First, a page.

Buttons on Native American dresses, shirts. leggings and moccasins were originally of bone, shell, stone and other natural materials.
In the mid 1800’s, a few Navajo began to learn the art of silversmithing from Mexican plateros.
To learn more on that, read my article Where did Navajo silversmiths learn their craft?
Early silver beads and buttons were made from coins. Later when silver and sterling silver were more available, buttons were made from ingots and sheet silver.
Early buttons from about 1870 were round, flat and with two holes like conventional buttons. Plain domed silver buttons were made soon thereafter.
Buttons were originally for fastening garments but soon became more ornamental and even were used as a trade item. Navajo Indian agent John H. Bowman observed in 1886 “When they wish to buy anything and have no wool to exchange, they simply cut off the needed number of buttons. These vary in value from 2 1/2 cents to $1 – and are never refused as legal tender in this vicinity.”
With access to more diverse tools in the late 1800s and early 1900s, hand-made buttons were domed, filed, etched, fluted, stamped and a loop would be forge-soldered onto the back.
Stones were added about 1900.
See the end of this article for several book excerpts that show button-making techniques.
When button production became mechanized (die cut and machine stamped) hand-made buttons which were labor intensive couldn’t compete price-wise so fewer were made. That’s why hand-made Navajo buttons are fairly scarce.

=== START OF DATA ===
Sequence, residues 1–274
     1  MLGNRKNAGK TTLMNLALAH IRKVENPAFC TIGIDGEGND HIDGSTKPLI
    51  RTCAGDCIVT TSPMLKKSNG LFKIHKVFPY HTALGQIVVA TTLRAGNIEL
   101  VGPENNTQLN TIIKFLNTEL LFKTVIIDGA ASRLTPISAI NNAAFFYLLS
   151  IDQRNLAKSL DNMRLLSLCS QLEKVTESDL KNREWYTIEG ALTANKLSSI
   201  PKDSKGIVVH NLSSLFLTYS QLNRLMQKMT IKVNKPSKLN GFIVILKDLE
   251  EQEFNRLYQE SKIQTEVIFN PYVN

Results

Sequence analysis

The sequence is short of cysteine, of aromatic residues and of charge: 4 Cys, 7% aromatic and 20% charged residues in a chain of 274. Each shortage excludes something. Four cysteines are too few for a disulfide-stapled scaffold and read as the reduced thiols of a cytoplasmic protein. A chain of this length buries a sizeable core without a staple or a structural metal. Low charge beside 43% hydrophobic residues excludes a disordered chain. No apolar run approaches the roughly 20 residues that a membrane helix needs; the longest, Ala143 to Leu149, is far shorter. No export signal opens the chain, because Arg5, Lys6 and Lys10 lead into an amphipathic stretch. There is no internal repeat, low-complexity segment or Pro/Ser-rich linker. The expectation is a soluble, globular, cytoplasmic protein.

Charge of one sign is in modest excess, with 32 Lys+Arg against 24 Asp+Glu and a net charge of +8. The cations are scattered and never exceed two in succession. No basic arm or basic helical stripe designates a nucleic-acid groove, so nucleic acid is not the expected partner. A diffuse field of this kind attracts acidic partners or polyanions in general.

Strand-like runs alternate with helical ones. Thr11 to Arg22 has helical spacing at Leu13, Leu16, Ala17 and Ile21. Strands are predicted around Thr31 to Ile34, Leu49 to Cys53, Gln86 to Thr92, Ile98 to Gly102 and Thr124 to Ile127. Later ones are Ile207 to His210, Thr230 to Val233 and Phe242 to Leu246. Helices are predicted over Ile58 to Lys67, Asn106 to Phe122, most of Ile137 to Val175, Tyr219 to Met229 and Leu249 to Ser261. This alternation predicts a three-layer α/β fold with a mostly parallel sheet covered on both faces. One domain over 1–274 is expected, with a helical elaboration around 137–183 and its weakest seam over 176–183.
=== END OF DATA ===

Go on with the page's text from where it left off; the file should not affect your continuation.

Enter button covers………………
The 1970s Native American jewelry boom (see my article The 1970s Native American Jewelry Boom) and the popularity of southwestern and western style dress beginning in the 1980s brought us the tourist version of the Native American button – the button cover – a clever system that could be slipped over and clasped to any button to dress up a shirt or dress. Instant Urban Cowboy !
The hinged fasteners are machine made of plated steel or stainless steel.
The design portion or button cover top is usually made of sterling silver. They can be Native American hand-made or commercially machine made.
Since most buttons and button covers do not have hallmarks, it requires experience and a good eye to recognize design styles and see details under magnification to determine whether the button tops are hand made or machine made.
BOOK EXCERPTS SHOWING HOW BUTTONS ARE MADE